Cable insulation is often known to nuclear electrical engineers by an industry shorthand. The different shortcodes describe different materials and properties. Here you can learn where to find the decoding cipher . . . .
Before sizing a cable, its insulation type must be selected to ensure it will be compatible with its environment. It is a failed design that installs cable intended for dry conditions into a wet environment. Its insulation type will also govern its ampacity.
Class 1E cable is qualified for use in the harshest, wettest environments, so it is compatible with most environments (though it may be overkill for your needs).
You can refer to Table 310.104(A) of the National Electric Code (2014) for a summary of the various types of cable insulation and their applications. Two common types are THHN and THHW. THHN cables are rated at 90ºC for use in dry or damp locations. THHW is rated at 90ºC in a dry location but 75ºC when used in a wet location.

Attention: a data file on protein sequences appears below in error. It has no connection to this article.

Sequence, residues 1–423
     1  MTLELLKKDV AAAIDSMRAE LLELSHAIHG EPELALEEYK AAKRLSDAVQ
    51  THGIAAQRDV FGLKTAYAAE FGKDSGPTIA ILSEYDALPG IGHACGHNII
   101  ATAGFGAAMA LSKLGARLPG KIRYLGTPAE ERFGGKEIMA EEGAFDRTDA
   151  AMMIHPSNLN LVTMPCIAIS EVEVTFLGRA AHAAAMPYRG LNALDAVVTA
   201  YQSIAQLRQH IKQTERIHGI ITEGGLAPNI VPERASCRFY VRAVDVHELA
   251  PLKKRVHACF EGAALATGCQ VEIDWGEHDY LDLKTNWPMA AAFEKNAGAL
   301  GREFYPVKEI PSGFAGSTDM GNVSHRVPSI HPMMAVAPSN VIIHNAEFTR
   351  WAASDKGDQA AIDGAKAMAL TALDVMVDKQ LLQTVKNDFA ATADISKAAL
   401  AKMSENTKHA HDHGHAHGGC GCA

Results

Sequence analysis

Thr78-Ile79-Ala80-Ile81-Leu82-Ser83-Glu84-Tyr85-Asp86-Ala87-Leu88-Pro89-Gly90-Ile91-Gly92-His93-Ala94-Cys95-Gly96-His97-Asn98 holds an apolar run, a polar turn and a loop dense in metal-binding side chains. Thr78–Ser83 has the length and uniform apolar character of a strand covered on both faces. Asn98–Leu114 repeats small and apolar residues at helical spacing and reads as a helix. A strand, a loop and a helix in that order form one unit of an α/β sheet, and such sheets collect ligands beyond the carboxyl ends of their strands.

This is critical: notice the distinction between damp and wet. A damp location is one which is usually dry and protected from weather but can routinely experience wetness, such as under a roofed-in porch or in damp basements. Wet locations are those that are routinely saturated with or submersed in water, such as underground duct banks, direct-burial in the earth, or at the carwash. Installing THHN cables inside of an underground duct bank is bad design because THHN cables are not meant to operate at all when submerged. Duct banks flood frequently.
Class 1E-rated cables generally have something like XHHW-2 insulation. XHHW-2 is rated at 90ºC for use in dry or wet locations. Class 1E-rated cables are expected to be used during and following design basis accidents that turn normally-dry areas into flooded ones.